The Hall of Fame Class of 2015

Today, the Baseball Writers Association of America formally announced the apotheosis of four players: Craig Biggio, Randy Johnson, Pedro Martinez, and John Smoltz. All four are worthy players, deserving of the honor. This is only the fourth time that four or more players have been elected at one time – and one of those was the inaugural class, so that one probably doesn’t count. It is the first time that this many players were selected under the current voting rules, and the first time that seven players (six of them on their first appearance on the ballot) were selected in two consecutive years.

As always, there are a number of writers and a great many commenters who take issue with the voting. Very little has changed since I wrote about the election process last year, so I won’t belabor those points.

There have been a few changes, though….

Firstly, and most importantly, the Hall announced that instead of up to fifteen years on the ballot, players will only stay on for ten years.Those few players who are past the ten year limit are being “grandfathered” in. I’m not sure what the reason for this change is; perhaps it’s to encourage the voters to select more candidates on each ballot.

Speaking of which, this year the average number of votes per ballot was 8.42 – up a bit from last year’s 8.39. And that was the first time since 1986 that the average was even as high a 7.0. Over half the ballots had the maximum of ten votes. And there are a number of members of the BBWAA who are pushing for increasing the maximum number of votes from 10 to 12. If the time on the ballot is being shortened, then it seems like this is a good move to balance things out. It’s a good sign that writers want to be able to vote for more players. Perhaps they are hearing what the commenters and each other are saying.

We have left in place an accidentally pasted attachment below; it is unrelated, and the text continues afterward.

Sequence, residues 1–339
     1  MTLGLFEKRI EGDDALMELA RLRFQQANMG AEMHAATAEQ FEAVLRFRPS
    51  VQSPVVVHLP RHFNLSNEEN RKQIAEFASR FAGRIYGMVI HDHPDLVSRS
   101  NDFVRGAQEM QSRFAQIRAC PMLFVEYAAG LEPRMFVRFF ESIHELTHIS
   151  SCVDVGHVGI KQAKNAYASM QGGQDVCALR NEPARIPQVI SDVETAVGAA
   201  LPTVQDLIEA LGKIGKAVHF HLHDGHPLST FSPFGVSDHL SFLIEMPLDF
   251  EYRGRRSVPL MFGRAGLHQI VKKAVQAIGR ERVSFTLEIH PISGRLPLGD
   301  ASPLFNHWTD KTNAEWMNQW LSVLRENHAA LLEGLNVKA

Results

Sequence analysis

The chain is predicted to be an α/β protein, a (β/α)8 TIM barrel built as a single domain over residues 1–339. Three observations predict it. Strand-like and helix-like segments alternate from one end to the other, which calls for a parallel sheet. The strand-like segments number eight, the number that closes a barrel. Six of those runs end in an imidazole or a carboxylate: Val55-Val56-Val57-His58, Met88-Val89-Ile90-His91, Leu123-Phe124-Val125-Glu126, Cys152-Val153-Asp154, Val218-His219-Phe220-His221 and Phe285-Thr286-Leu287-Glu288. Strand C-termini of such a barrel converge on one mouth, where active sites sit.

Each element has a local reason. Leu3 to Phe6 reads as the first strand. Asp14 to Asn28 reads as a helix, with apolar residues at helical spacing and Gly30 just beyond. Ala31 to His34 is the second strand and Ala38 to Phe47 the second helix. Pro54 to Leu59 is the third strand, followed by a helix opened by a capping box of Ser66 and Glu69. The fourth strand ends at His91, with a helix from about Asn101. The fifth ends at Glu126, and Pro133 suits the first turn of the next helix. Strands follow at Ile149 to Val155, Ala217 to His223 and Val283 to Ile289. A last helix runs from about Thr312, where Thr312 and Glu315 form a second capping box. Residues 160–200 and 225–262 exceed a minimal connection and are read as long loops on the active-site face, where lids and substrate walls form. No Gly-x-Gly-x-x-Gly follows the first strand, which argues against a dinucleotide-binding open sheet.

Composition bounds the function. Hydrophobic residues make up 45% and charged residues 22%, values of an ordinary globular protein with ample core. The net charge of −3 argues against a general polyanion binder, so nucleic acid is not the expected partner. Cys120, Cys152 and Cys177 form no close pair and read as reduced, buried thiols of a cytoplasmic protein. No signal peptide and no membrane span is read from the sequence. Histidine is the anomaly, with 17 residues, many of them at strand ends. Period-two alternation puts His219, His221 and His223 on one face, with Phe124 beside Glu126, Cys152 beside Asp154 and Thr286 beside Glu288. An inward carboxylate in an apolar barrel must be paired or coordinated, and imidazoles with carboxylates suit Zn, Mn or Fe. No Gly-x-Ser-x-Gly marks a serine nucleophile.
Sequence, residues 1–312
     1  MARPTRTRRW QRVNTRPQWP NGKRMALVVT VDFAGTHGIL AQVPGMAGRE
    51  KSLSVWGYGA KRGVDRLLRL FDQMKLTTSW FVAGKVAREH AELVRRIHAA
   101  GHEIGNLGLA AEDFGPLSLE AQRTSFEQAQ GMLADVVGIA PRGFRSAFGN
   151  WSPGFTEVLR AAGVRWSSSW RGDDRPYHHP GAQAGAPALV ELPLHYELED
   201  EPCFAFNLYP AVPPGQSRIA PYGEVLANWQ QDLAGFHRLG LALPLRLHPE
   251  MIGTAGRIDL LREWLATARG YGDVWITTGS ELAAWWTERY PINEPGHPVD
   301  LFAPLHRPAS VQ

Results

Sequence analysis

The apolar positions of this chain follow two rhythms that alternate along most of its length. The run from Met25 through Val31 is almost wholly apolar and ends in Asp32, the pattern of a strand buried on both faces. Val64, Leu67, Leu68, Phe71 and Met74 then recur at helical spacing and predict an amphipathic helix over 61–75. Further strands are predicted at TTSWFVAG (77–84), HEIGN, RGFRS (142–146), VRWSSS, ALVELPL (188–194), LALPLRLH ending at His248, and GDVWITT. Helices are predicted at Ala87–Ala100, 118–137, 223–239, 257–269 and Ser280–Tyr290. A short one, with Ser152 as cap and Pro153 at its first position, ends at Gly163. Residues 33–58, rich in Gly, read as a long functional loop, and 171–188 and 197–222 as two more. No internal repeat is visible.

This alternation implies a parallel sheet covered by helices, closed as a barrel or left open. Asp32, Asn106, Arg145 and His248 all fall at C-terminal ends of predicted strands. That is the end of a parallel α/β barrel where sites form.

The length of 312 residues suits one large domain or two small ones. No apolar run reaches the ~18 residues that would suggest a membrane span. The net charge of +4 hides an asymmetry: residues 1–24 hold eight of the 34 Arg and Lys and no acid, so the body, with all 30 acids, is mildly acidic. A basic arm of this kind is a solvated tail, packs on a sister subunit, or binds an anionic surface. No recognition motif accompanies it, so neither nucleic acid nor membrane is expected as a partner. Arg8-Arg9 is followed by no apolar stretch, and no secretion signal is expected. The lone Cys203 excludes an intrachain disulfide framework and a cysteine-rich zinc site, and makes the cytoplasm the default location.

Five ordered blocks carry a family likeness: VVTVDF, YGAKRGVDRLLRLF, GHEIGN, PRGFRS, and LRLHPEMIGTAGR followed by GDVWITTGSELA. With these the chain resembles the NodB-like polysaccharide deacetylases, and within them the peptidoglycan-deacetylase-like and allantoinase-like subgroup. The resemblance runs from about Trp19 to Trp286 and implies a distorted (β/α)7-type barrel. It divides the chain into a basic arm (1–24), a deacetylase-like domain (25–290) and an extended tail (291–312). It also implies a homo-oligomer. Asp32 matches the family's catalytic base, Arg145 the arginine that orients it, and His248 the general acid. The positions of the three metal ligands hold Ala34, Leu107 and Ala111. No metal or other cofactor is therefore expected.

I also note that Bill James has looked at all the members of the Hall of Fame, and noted that almost all of the “questionable” members were chosen not by the writers, but by the various committees. So before you take out a contract on the BBWAA, keep in mind that they’ve really done a decent job, and most of them are serious about it.

Look, let’s be honest. No matter who does the selecting, there are going to be players who just miss the cut. You could try an “objective” criterion like Bill James’ “Hall of Fame Monitor” or Jay Jafee’s “JAWS” system. But the HoF Watch places a bit too much emphasis on awards and post-season appearances, and Jafee admits his own system isn’t without its flaws.

While it’s clear that players like Rich Aurilia and Jermaine Dye, while fine players, aren’t HoF caliber, and Randy Johnson and Pedro Martinez are “no-brainers”, there are going to be many, many players who fall into the middle. Is Jeff Kent a Hall of Famer? Gary Sheffield? I don’t know, and I’m glad it’s not my decision.

But I do know that everyone who does get deified by the BBWAA deserves the honor. So instead of complaining, let’s just celebrate their entry into the Pantheon.

* Randy Johnson once killed a bird with a pitch in Spring Training.
* Pedro Martinez was perfect through nine innings, but lost it to the Padres in the 10th when the Expos couldn’t score for him until the top of that inning.
* Craig Biggio collected a single for his 3000th hit, and was thrown out trying to stretch it into a double.
* John Smoltz has three stolen bases in post-season play.

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